In Washington, a court could order one or both parents to support a child (or children). Usually, however, it’s the non-custodial parent – the parent who spends less than half of the time with the child (or children) – who actually pays support. The custodial parent – the parent who has the most time with the child – remains responsible for child support too, but in most cases the law assumes that this parent spends the required amount of support directly on the child.
You can estimate your share of support by using the state’s worksheets and child support schedule (sometimes called the child support economic table). The schedule shows how much the basic amount of child support should be based on the combined income of both parents, the number of children, and the children’s ages.
In addition to the basic support shown by the schedule, however, parents must also cover additional expenses. Both parents must share childcare and other costs, like those required for the child’s education or travel for visitation. Also, a court will order one or both parents to cover the child’s medical care. This could mean everything from providing dental insurance to reimbursement for prescriptions.
While parents may agree to pay more that what the schedule proposes, they can’t pay less. In any event, a court must approve the final amount. Depending on each parent’s needs and the best interest of the child, a court could adjust the payments up or down.
To use the schedule, the first thing you need to know is the gross and net incomes of both parents. Gross income is all income from all sources. This includes your salary, wages, bonuses, and commissions from your job, but also any pension or severance pay. It is also money that comes from any dividends, interest, or a trust, among other things. If you are unemployed, chances are you still have income for child support purposes in the form of social security, workers’ compensation, unemployment or disability benefits. Income could also come from veteran’s benefits.
Even the deadbeat parent who tries to avoid responsibility for child support by not working will be held accountable for a share of the combined income. A court has the authority to impute (attribute) income to a parent who is voluntarily unemployed or underemployed based upon that parent's work history, education, health, and age, among other factors.
There are a few benefits that you can leave out of gross income like gifts, prizes, food stamps, and spousal support received from another relationship. If either parent married someone else, then exclude that other spouse’s income, too.
Once you have both parents’ gross income, you make deductions to determine the net income for each. Net income is gross income minus state and federal income taxes, FICA taxes, and court-ordered maintenance (like spousal support or child support from another case) already paid. You can also deduct some retirement and pension contributions, dues, and business expenses. For a complete list of these deductions, see the Revised Code of Washington 26.19.071 and the Washington Courts Schedule and Worksheets.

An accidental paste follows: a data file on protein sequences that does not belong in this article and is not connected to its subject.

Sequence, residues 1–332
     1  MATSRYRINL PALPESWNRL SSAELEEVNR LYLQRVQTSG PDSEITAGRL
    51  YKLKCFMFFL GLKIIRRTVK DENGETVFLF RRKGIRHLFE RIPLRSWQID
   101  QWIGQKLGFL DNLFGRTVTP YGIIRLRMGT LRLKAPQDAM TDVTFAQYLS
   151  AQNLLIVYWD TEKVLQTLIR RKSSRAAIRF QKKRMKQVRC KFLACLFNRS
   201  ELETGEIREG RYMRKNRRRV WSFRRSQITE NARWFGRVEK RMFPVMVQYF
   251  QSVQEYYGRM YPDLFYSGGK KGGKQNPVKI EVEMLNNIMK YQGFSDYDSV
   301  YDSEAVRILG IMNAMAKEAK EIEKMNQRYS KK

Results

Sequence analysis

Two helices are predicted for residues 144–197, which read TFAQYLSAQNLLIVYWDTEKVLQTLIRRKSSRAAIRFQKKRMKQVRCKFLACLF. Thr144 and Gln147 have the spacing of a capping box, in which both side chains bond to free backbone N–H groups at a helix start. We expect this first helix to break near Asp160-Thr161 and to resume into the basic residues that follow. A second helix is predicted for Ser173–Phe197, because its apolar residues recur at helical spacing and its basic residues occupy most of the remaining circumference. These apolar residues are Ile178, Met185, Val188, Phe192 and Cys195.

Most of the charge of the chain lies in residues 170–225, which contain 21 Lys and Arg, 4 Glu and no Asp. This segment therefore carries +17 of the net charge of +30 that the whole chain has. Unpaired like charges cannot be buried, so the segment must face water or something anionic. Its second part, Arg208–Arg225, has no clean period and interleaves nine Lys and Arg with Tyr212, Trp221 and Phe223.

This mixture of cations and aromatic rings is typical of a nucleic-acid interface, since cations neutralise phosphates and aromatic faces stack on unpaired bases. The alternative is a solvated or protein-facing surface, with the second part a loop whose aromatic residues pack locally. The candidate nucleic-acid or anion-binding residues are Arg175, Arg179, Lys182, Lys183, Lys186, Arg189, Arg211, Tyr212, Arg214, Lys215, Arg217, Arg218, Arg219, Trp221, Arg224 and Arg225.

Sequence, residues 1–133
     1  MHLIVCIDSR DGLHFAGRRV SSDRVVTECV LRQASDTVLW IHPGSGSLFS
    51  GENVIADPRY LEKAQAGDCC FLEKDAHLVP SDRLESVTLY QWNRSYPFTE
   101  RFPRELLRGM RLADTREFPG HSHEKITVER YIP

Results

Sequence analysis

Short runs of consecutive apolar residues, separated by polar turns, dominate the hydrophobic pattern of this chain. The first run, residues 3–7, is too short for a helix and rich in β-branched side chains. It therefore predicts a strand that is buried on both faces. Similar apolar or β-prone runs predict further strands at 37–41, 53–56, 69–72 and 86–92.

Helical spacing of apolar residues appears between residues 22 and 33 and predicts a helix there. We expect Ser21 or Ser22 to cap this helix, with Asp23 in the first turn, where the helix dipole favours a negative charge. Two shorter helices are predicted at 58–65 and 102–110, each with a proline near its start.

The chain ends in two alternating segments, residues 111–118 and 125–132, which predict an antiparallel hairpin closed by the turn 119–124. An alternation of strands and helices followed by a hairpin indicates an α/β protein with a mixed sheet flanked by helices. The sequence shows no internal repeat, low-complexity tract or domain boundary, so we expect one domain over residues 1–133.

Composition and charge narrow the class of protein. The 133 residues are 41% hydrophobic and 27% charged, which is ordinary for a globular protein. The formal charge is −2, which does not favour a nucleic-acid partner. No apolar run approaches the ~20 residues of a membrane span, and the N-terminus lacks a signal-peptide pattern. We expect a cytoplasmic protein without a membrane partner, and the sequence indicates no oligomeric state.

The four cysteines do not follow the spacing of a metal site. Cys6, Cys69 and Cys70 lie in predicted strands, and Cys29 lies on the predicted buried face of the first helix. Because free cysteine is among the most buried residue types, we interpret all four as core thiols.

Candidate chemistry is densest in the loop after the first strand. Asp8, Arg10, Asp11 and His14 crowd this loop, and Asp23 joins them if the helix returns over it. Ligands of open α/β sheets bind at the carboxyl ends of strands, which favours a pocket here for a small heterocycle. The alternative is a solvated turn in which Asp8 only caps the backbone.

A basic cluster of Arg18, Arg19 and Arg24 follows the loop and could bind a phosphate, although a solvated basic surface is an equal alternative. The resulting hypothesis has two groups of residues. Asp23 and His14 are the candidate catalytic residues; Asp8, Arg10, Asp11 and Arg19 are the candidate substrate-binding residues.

You can click on this link to access Washington's Child Support Schedule. You use the combined net income of both parents (in other words, add your net income to the other parent’s net income) to determine the total amount of child support due. This total amount is then divided between the parents in the same proportion as what they contribute individually to the combined income.
It works like this: let’s say that Parent A and Parent B have one child together and their combined income is $1,000. Based on the child support schedule, they must cover a total of $220 in child support per month. If Parent A contributes 60% of the combined income (or $600 per month), then this parent will pay 60% of the total child support, or $132 per month. Parent B, who makes 40% of the combined income (or $400), will pay only 40%, or $88 per month in child support.
$1,000 is the lowest combined income on the schedule. If the parents’ combined income is lower than this amount, then a court will look at each household’s resources and living expenses to come up with a fair payment. The minimum amount of support is $50 per month. The maximum is 45% of a parent’s net income, unless there is some good reason – such as substantial wealth – for that percentage to increase.
Sometimes, the total amount given by the guidelines or the way that number is divided is unfair to a parent or the child. Before a child support order is in place, either parent can ask to adjust the amount of support. In that case, a court will review a long list of factors to either increase or decrease the amount of child support. These factors include:
You can find a complete list of these factors in the Revised Code of Washington 26.19.075.
Once a child support order is in place, you can still ask the court to modify (change) it at any time. If it’s been less than one year since the order was issued or modified, then you must have a substantial change in circumstances - like the loss of a job - to justify a change in the amount of child support. However, a paying parent’s voluntary unemployment or underemployment is not by itself a substantial change in circumstances; there has to be a very good reason why this parent is working less or not at all. After the order has been in place for a year, you do not need a substantial change in circumstances. Instead, a court can increase or decrease the amount of support if meeting the terms of the order has created a severe economic hardship on either parent or on the child.
In addition to the links above, you can read Washington law on enforcing a child support order in the Revised Code of Washington 26.18. Also see the Washington State Department of Social and Health Services for additional tools and tips for establishing and modifying child support orders.